In just a few years, crowdfunding has found a firm place in the tech industry, with many companies launching campaigns to fund their products. Current Kickstarter stats tell us that almost $2 billion have already been pledged on the platform by 9.5 million people.
Traditionally, Kickstarter and Indiegogo had been the places for startups working on a shoestring to get a chance of funding without giving up equity or selling founders’ houses. However, that has changed.
Do business with 5,000 people
TNW NYC is our New York technology event for anyone interested in helping their company grow.
With crowdfunding going mainstream, we started to see larger companies resorting to it, although apparently they don’t struggle to find enough money to launch another product. Recently, TNW’s Ben Woods called those companies out – citing examples of Pebble and Canonical, – accusing them of potentially taking money away from those who need them more.
However, the pure marketing nature of the campaigns led by major industry players might be a good thing for the other founders trying their hand at crowdfunding.
I’ve recently decided to check how the campaign for Pebble Time, which brought the founders $20 million pledged by 78,417 backers, fared in terms of first-time backers.
Here’s what Kickstarter’s David Gallagher tells me:
Exactly 37,000 backers of Pebble Time, or 47.15 percent, were first-time backers, and 7,943 of those first-time backers, or 21.47 percent of them, have gone on to back other projects.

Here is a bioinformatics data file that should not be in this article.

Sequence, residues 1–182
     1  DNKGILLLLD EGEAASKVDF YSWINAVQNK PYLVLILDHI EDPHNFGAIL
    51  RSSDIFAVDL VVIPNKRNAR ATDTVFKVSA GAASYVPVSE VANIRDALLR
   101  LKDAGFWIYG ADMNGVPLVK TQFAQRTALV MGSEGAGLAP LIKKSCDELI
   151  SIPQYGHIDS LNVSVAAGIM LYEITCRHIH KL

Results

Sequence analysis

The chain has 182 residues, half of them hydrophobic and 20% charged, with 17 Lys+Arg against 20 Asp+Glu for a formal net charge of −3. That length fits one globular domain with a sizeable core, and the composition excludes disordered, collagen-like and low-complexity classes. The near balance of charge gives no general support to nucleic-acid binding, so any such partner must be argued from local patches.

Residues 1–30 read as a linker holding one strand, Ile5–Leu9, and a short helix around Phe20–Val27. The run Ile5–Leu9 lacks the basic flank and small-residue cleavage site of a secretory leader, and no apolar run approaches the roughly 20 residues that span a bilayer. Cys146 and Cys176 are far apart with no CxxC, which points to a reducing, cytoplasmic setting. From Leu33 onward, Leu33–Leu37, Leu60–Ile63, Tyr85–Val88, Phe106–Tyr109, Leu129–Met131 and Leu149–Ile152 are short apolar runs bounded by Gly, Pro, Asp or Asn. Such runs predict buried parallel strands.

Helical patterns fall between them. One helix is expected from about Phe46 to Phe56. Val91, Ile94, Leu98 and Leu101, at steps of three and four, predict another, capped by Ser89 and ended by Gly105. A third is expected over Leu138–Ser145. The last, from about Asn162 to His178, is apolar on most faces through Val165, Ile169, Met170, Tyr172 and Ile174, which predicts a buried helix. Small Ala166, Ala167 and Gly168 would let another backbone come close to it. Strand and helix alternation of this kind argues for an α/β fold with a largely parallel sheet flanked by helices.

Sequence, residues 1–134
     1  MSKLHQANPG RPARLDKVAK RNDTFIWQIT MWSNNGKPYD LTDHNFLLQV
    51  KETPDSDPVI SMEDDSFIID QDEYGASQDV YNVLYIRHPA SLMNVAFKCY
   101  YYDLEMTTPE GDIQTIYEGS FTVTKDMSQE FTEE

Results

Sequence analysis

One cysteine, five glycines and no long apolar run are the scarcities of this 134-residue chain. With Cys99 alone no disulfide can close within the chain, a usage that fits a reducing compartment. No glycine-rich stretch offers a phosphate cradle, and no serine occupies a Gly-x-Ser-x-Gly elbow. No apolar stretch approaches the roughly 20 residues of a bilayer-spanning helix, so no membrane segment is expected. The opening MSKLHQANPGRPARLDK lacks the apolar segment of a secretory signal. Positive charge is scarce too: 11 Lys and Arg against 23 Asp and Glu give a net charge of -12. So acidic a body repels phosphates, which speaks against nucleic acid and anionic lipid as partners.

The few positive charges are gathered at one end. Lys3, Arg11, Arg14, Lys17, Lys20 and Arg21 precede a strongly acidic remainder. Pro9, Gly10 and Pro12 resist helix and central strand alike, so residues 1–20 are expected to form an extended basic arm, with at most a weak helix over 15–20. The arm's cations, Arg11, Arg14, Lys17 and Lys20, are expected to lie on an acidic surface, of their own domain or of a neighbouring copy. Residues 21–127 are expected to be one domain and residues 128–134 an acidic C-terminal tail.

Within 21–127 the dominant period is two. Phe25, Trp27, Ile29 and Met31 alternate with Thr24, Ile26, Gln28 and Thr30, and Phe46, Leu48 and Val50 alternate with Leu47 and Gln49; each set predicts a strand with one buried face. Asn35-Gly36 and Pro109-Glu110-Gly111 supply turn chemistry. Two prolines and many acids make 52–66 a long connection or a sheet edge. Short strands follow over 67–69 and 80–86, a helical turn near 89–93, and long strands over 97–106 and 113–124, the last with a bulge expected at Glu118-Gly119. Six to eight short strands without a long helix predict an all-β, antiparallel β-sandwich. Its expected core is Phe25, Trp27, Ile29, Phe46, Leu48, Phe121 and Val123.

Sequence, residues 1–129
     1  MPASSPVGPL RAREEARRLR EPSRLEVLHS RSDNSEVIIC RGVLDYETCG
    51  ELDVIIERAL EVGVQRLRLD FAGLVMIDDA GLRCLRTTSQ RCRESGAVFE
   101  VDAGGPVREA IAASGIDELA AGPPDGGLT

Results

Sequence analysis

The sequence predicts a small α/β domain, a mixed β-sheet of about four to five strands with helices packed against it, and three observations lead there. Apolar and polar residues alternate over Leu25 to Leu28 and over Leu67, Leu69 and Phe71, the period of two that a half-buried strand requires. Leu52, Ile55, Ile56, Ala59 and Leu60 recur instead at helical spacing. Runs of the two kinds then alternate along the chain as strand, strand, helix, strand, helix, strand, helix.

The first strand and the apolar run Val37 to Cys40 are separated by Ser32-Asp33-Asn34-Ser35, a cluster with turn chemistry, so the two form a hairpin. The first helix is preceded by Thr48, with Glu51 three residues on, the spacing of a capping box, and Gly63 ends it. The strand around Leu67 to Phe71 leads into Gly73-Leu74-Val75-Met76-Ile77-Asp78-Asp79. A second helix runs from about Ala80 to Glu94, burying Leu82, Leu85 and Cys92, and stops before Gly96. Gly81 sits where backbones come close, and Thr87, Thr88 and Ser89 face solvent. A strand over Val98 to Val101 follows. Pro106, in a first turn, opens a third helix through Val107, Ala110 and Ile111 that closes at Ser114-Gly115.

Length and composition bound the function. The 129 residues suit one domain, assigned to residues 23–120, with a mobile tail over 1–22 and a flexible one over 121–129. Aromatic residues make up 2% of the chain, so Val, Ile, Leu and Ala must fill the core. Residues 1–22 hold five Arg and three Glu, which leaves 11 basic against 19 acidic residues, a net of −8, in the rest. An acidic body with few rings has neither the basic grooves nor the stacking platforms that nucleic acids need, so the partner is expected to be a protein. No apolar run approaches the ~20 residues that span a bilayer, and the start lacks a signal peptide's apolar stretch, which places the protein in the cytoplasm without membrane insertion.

See what I mean? Having a huge marketing and PR machine at its disposal, Pebble had not only taken money from existing members of Kickstarter but also attracted almost as many new faces. And some of those new faces have been seen helping out other founders – perhaps those bootstrapped ones that use crowdfunding the way it was meant to be used.
Apparently the numbers for other high-profile campaigns are in the same ballpark, adds Gallagher:
Large projects like these always bring lots of new people to Kickstarter, and we’re happy that so many of them stick around to find new things to back.
On the other hand, in the recent couple of years I’ve seen more and more pitches from startups crowdfunding amounts of $5,000 to $25,000, which could be attracted pretty easily through other ways, from a bank loan to the FFF (friends, families and fools) sources. That’s also kind of bootstrapped marketing, and I wouldn’t say it’s wrong to use it.
Recently, in a totally unrelated conversation, I learned that crowdfunding is also becoming increasingly popular among board game publishers in the U.S. and Europe. And those, again, don’t necessarily consider actual money as the main goal.
In other words, it’s probably the time to just stop thinking about crowdfunding exclusively as a way for struggling founders to get some money, but see it as it is: a versatile platform that can be used as a marketing channel just as well as a funding source – and also a good example how the two don’t have to get in the way of each other.